Joshua Strickland sat down at his house and thought about his time with the U.S. Army. The missions in Kandahar City, Afghanistan, and the camaraderie between he and his fellow soldiers.
He couldn’t forget his Army buddy, someone who, as Strickland says, “lost his battle with PTSD.” The lead singer/songwriter for The Bayou Bandits, Strickland wrote a song called “Kandahar” set to appear on the Valley band’s self-titled debut album due out in November.
“Whether you’re a veteran or soldier or not, this still resonates,” Strickland says solemnly. “Everyone can relate to that sentiment of losing someone close to them or someone who’s dealing with depression.”
“Kandahar” includes the line: “Most of us we made it home/but we never came back.”
“After I wrote it, I knew what I was trying to say, but when I sang it and people heard it, the message was conveyed perfectly,” he says. “Someone recorded it at an open mic night, where I was just hanging out. When they posted it on YouTube, it’s since been viewed 3,000 times.”
But before it officially hits the streets, Strickland did his due diligence. He ran it by the soldier’s family and his fellow soldiers.
“I called all the members of my old team I was with in Afghanistan,” Strickland says. “I wanted their input on it. It’s such a close-to-home subject. I didn’t want them to think I was trying to exploit the tragedy.
“I got his wife’s blessing, too. The first copy goes to her. It’s a common occurrence with a lot of soldiers and service members coming home from the war. There aren’t a lot of resources out there to get the help they need.”
Not everything on “The Bayou Bandits” is down key, though. The band has already released the single “Take Me Back,” which has received airplay locally. Then there’s “Kiss My Dixie …”
“That was a song we wrote for some of our critics,” Strickland says with a laugh. “I’m a straightforward type of dude. That was a song about my upbringing. I’m a true Louisiana man.”
The album crisscrosses genres, with some songs taking listeners back to the swamplands of Louisiana, while others delve into Southern rock.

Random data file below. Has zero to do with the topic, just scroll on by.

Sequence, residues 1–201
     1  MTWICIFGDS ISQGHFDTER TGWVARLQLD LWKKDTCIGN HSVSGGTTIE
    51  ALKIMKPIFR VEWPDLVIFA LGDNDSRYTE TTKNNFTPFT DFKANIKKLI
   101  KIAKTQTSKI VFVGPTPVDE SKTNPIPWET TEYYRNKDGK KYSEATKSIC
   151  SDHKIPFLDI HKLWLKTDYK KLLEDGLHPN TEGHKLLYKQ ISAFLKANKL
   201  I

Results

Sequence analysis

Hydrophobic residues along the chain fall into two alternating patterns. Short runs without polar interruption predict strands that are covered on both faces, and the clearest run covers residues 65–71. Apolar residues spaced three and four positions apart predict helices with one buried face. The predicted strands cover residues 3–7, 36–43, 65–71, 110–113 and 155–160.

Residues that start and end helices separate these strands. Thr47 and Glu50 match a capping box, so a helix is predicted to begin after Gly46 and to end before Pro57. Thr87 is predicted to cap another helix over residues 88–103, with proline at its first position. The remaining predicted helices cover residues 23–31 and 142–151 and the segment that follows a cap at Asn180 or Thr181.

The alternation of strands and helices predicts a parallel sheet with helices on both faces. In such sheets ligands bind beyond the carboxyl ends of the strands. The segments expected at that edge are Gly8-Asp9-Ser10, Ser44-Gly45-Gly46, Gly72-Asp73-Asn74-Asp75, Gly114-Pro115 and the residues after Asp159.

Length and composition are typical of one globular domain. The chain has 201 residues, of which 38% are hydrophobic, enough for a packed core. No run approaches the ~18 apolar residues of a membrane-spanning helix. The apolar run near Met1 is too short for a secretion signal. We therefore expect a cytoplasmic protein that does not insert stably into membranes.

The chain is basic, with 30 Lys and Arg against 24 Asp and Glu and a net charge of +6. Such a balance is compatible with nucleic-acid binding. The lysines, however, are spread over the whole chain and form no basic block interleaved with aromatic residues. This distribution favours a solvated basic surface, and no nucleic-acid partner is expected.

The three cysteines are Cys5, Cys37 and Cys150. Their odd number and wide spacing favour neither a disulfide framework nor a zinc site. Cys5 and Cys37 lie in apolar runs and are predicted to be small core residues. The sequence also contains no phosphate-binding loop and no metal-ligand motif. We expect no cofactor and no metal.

Strickland balanced his day job as a registered nurse with the recording sessions.
“I’d get off work at 6:30 p.m. and go straight to the studio and stay there until 10,” he says. “Then I’d go back to work at 6 a.m. It was horrible. It was worth it, though.
“Having that single out for a while, it was building up anxiety from fans asking when were we going to release a record. That was really our next step as a band. It’s one thing to play covers and make a lot of money doing it, but it’s a completely different sense of euphoria whenever we get to play our own music in front of people.
“The first time I heard the final mix of the songs, my first thought was, ‘That’s sexy. That’s the real job right there. Those are my words.’ It’s cool to see it brought to life.”
The Bayou Bandits have made a name for itself already through its cover shows, but now Strickland and his bandmates—Jeremy Madig, Paul Williams and Jason Pataska—really have something to wrap their instruments around.
“People are interested in what I have to say,” Strickland says. “They want to hear the message I’m conveying. It’s not just me covering someone else’s songs. Don’t get me wrong. We love doing it. We made a lot of money doing it, but it’s not the same.
“We put our thoughts, our feelings and our emotions in these songs.”
That especially applies with “Kandahar.”
“We went through everything together,” he says. “We ran missions every single day and every single night together. We were closer than brothers. He came back and fell on hard times. When you lose hope, you lose everything. He wasn’t able to get the help he needs, unfortunately, and couldn’t see another way out. He left behind a wife and four kids. At least, mentally, he’s at peace.”
Bayou Bandits Record Release Party w/Haley Green, DL Marble and The Real Fakes
Valley Bar, 130 N. Central Avenue, Phoenix, valleybarphx.com, 7:30 p.m. Thursday, November 14, $10.